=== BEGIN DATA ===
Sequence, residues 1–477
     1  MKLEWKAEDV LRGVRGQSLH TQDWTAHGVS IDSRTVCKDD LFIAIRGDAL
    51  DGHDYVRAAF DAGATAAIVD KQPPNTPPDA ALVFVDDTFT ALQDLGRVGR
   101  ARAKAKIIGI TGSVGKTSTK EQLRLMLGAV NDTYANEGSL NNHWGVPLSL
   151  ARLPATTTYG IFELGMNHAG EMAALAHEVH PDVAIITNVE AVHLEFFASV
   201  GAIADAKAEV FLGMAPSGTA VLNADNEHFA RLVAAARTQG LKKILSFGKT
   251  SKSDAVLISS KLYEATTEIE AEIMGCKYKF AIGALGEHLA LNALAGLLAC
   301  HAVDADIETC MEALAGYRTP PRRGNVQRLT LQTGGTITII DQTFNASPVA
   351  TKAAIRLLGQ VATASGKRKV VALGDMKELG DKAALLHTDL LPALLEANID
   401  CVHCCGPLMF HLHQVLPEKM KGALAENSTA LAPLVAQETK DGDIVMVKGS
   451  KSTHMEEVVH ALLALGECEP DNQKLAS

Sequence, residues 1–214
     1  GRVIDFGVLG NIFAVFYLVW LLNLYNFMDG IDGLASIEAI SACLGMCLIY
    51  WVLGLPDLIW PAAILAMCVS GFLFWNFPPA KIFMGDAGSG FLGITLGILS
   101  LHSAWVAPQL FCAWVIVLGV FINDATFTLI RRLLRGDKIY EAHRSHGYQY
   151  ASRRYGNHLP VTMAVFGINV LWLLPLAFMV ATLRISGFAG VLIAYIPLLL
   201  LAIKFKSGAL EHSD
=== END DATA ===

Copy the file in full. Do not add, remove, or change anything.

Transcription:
Sequence, residues 1–477
     1  MKLEWKAEDV LRGVRGQSLH TQDWTAHGVS IDSRTVCKDD LFIAIRGDAL
    51  DGHDYVRAAF DAGATAAIVD KQPPNTPPDA ALVFVDDTFT ALQDLGRVGR
   101  ARAKAKIIGI TGSVGKTSTK EQLRLMLGAV NDTYANEGSL NNHWGVPLSL
   151  ARLPATTTYG IFELGMNHAG EMAALAHEVH PDVAIITNVE AVHLEFFASV
   201  GAIADAKAEV FLGMAPSGTA VLNADNEHFA RLVAAARTQG LKKILSFGKT
   251  SKSDAVLISS KLYEATTEIE AEIMGCKYKF AIGALGEHLA LNALAGLLAC
   301  HAVDADIETC MEALAGYRTP PRRGNVQRLT LQTGGTITII DQTFNASPVA
   351  TKAAIRLLGQ VATASGKRKV VALGDMKELG DKAALLHTDL LPALLEANID
   401  CVHCCGPLMF HLHQVLPEKM KGALAENSTA LAPLVAQETK DGDIVMVKGS
   451  KSTHMEEVVH ALLALGECEP DNQKLAS

Sequence, residues 1–214
     1  GRVIDFGVLG NIFAVFYLVW LLNLYNFMDG IDGLASIEAI SACLGMCLIY
    51  WVLGLPDLIW PAAILAMCVS GFLFWNFPPA KIFMGDAGSG FLGITLGILS
   101  LHSAWVAPQL FCAWVIVLGV FINDATFTLI RRLLRGDKIY EAHRSHGYQY
   151  ASRRYGNHLP VTMAVFGINV LWLLPLAFMV ATLRISGFAG VLIAYIPLLL
   201  LAIKFKSGAL EHSD